The second program, called “The Russian Context,” was one of those point-making Bard concerts performed largely by workmanlike festival regulars. Three Tchaikovsky works, for instance, Feuillet d’album, Op. 19, No. 3, and Humoreske, Op. 10, No. 2, both for piano, and the song None but the Lonely Heart, Op. 6, No. 6, were all adapted by Stravinsky for his 1928 ballet Le Baiser de la fée. The pianist in these, and several other works throughout the first weekend, Gustav Djupsjöbacka, was discouragingly half-hearted, whether as soloist or accompanist. Fortunately, contributions by pianists Orion Weiss in works by Glinka and Stravinsky and Piers Lane in works by Rachmaninoff, Scriabin, and Stravinsky compensated. Most impressive, however, was the young, Curtis-trained Dover Quartet in Glazunov’s Five Novelettes, Op. 15, which had everyone marveling over the foursome’s warm, full-bodied sonority and gracious Romantic style.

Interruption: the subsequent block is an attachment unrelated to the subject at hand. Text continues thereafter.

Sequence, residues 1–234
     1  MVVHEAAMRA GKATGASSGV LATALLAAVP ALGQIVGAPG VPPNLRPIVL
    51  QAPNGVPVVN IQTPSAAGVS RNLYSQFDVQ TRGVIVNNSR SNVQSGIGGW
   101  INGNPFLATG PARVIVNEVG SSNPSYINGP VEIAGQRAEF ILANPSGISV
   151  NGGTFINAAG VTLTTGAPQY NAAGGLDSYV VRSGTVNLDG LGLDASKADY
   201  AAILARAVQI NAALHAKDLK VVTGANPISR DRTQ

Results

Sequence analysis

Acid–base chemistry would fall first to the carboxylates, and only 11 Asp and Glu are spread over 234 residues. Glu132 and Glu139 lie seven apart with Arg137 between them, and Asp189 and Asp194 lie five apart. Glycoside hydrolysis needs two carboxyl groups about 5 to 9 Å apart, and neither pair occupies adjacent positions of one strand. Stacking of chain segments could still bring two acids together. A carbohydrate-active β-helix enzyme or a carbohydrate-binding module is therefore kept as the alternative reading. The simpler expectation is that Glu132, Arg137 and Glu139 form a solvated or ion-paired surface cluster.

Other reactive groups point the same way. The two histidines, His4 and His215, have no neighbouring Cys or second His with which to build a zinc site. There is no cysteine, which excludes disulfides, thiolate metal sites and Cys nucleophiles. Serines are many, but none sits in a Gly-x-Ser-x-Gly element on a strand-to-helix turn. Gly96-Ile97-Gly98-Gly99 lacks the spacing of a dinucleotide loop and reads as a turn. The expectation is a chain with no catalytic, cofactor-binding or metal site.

A teacher (Rimsky-Korsakov), and two students (Steinberg and Stravinsky) in works from 1913, dominated the third program, with the full American Symphony under Botstein reveling in the shimmering sensuousness of a suite from Rimsky-Korsakov’s The Legend of the Invisible City of Kitezh (1907) and Maximilian Steinberg’s ballet suite from Les métamorphoses. The music might have been from the same pen. What a contrast with the savage Le Sacre du printemps, however, conducted pretty much in one well-chosen tempo throughout, as the work’s first conductor, Pierre Monteux, said was possible. There were no serious mishaps, and the Danse sacrale—the burial ground for innumerable past performances—went perfectly. Unfortunately, the brass were nearly always too loud, overwhelming the strings, and rasping and ugly besides.